BBC Television told to save pounds 20m in six months

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BBC TELEVISION has been told to cut its spending by pounds 20m over the next six months by the director general, Sir Michael Checkland. Flaws in the accounting process in the first half of the corporation's financial year, which runs from 1 April, have led to an overspend that has to be clawed back by cutting programmes and overheads.

Will Wyatt, managing director of BBC Television, also confirmed yesterday that he was strengthening the organisation's financial structure by creating a post of financial controller. Yesterday's announcement comes after mounting speculation about problems with BBC programme accounts, and a swift investigatory audit.

The BBC says it represents a cut of 3 per cent on spending of pounds 700m on BBC1 and BBC2. A spokesman added that it hoped to protect programmes as far as possible. Senior BBC Television staff said that the overspend was linked to complex new costing changes being introduced, which lumped all elements of programme costs, by department, into one consolidated figure for the first time.

The systems had changed, but the accounting methods, which had been in force for 20 years, had not. These had proved inadequate. The BBC had installed a computer system to cope with the new budget arrangements, but had not brought it into effect. The overspend, while not related to the controversial policy of producer choice - allowing programme producers to buy in outside resources - was being seized upon yesterday as an early warning of how the new system could blow up in the BBC's face.

The great danger is that the BBC could end up paying for resources twice, by buying in outside services while also paying for its own.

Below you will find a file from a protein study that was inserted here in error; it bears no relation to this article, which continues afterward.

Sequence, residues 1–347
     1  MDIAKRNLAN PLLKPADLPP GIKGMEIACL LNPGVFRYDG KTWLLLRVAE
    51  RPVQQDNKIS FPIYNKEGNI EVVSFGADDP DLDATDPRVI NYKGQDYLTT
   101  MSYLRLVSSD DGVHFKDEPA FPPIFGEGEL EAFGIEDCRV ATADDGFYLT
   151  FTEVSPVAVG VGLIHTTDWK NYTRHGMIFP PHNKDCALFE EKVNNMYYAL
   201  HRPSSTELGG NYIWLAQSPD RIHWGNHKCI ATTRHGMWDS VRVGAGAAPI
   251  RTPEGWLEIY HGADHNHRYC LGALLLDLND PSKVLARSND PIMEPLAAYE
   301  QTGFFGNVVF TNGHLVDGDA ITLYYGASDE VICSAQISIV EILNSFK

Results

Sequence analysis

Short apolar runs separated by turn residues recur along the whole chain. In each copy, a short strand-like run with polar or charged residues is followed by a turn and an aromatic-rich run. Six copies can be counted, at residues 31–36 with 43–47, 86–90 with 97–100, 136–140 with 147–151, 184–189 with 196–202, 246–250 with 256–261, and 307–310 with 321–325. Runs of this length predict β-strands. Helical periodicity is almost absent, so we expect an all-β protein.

Many senior managers at the BBC believe that the incoming director general, John Birt, is trying to introduce the radical disciplines of producer choice far too swiftly, by next April. 'It should be introduced piecemeal and slowly, we should have evidence of how it is working. Instead there is a great shake-up, with terrible risks,' one said.

Critics also point out that the BBC, despite extensive training schemes, lacks the necessary managers and accountants to cope with the change.

The BBC could shave pounds 170m off the pounds 1.4bn it receives from the licence fee if it took advertising, cutting pounds 9 off the licence fee of pounds 80, according to Datamonitor, the management consultancy.

The Channel 4 chief executive, Michael Grade, said television drama was pricing itself out of existence. He urged scriptwriters to become more business minded in an increasingly competitive market and said it was better to work in bigger teams and produce 26-episode series than expensive six-episode shows.

'I fear drama is in danger of pricing itself out of existence,' he told the Writers' Guild of Great Britain awards ceremony at the Dorchester Hotel, London. 'If it can cost up to pounds 800,000 to produce one hour of drama then that is not something we can sustain.'

But he ran into immediate opposition from sections of his audience. Julian Mitchell, one of the writers of the Inspector Morse series, said: 'I am prepared to believe we have to make sacrifices, along with television executives, but not like this.'